The President Obama - General McCrystal surge in Afghanistan is now in full motion. Last week US Marines, NATO, and Afghan forces attacked in Helmand Province, southern Afghanistan to set the stage for negotiations. The Pentagon and the White House hope that the show of force will create the conditions for the their eventual departure. Taliban resistance includes multiple improvised explosive devices (IEDs), also known as homemade roadside bombs, the weapons of choice for insurgencies today, and widely scattered landmines to inhibit foreign and Afghan government forces. By chasing down the Taliban and holding territory, the US hope is that the occupying forces from abroad will weaken regional Taliban commanders and thereby force negotiations that can lead to normalisation over the coming 18 months.
The multi-year strategy, the surge, attack, negotiate, withdrawal (probably with residual forces left behind) was outlined by President Obama at his West Point speech in December. This is a familiar strategy for nations when they see that a foreign occupation has become expensive, unwinnable and unpopular. Something like this was contemplated for Afghanistan by the Soviets 20 years ago, and 40 years ago by the US in Viet Nam. Both were intended to cover the negative consequences of a withdrawal where success was not achieved. In both cases the hoped for solution backfired and the imperial armies were pushed out by circumstances at home. A similar strategy is now proceeding in Iraq but we will not know the real outcome for several years.
The process of winding down the Afghan war by means of a surge will be lubricated with generous financial incentives rumoured to be as much as $1.5 billion, available for use by US commanders as encouragement to create the path for realignment. Despite Afghan President Karzai’s tenuous mandate to rule, the negotiations and leaky reconciliation effort will plod forward under his leadership. The Taliban movement is a loosely coordinated effort that does not function under unified command. Last year, some Taliban leaders participated in an early attempt at conversations in Saudi Arabia. Most Taliban leaders, however, have sworn loyalty to Mullah Omar who is the closest to a human symbol of a unifying figure.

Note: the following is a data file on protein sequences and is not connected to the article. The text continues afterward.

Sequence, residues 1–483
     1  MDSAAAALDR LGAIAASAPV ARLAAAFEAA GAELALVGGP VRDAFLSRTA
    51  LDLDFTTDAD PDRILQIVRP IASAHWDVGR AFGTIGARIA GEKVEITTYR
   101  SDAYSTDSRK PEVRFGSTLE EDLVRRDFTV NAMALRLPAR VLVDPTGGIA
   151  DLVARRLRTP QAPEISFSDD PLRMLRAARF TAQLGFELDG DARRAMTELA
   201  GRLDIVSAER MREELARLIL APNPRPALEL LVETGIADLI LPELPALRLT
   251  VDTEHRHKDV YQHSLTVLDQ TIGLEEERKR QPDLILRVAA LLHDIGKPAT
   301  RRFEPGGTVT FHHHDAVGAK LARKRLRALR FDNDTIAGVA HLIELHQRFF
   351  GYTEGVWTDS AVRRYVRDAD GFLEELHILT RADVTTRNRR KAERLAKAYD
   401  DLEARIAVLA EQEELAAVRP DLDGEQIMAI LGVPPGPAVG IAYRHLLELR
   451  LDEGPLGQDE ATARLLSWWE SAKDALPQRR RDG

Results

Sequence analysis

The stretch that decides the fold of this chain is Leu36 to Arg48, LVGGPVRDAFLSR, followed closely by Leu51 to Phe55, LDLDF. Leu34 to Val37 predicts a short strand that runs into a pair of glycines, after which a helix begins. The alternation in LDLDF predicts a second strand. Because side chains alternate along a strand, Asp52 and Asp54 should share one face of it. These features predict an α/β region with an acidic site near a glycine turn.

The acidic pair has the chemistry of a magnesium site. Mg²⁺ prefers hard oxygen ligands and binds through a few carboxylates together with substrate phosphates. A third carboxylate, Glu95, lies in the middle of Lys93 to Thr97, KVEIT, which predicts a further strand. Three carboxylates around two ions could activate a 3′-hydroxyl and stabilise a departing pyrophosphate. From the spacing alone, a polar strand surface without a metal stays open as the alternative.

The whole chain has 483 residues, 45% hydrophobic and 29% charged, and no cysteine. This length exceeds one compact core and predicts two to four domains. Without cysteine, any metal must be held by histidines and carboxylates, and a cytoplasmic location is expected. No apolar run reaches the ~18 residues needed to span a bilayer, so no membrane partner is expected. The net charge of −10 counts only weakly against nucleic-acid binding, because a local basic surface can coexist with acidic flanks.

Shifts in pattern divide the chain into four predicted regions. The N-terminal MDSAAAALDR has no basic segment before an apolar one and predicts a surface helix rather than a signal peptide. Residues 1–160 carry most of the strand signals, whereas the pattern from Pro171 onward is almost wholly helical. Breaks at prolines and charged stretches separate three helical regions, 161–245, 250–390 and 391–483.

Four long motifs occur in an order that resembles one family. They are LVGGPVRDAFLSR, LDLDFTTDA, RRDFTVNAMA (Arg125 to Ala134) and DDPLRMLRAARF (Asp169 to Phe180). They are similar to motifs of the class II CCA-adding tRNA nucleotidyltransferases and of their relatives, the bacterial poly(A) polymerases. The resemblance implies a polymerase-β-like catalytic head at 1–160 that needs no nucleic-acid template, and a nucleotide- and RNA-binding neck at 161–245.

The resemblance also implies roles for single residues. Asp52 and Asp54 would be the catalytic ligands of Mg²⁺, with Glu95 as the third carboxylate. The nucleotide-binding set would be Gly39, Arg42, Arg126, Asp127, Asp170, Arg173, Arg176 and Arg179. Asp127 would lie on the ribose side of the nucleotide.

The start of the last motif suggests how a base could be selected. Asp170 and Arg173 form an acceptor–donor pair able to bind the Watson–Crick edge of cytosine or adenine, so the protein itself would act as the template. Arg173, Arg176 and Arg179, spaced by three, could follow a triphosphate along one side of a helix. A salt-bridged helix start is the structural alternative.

In the background, veteran State Department diplomat, Richard Holbrooke who pushed through the Dayton accords precursor to the Bosnia surge, monitors progress and provides stimulation for all the parties, Pakistan, India, Central Asia, the UN security council, NATO and other big powers. Holbrooke has estimated that 70 per cent of the Taliban fight for local reasons or money and can be won over.
The Afghan Taliban leadership, which is Pakhtoon, will be weaned from their need for safe havens in Pakistan where two-thirds of the ethnic Pakhtoon population lives. American, Canadian and other officials hope that incentives like money and positions in Karzai’s Afghan government will bring Taliban commanders and their followers into Kabul’s orbit. There is plenty of precedent for incorporating Taliban-like warlords into Kabul’s government. In 2001 when the Taliban government, the Islamic Emirate of Afghanistan fell, the US supported forces were led by the Northern Alliance - one of several warlord groups that had been beaten back earlier by the Taliban. Karzai’s government has consistently included warlord leaders who still command militias from non- Pakhtoon sectors of Afghanistan. Though the non- Pakhtoon peoples make up only slightly more than half of Afghanistan’s population, the Taliban now has shadow governors in thirty-three of Afghanistan’s thirty-four provinces. However, their real strength remains in the Southern provinces populated by Pakhtoon people.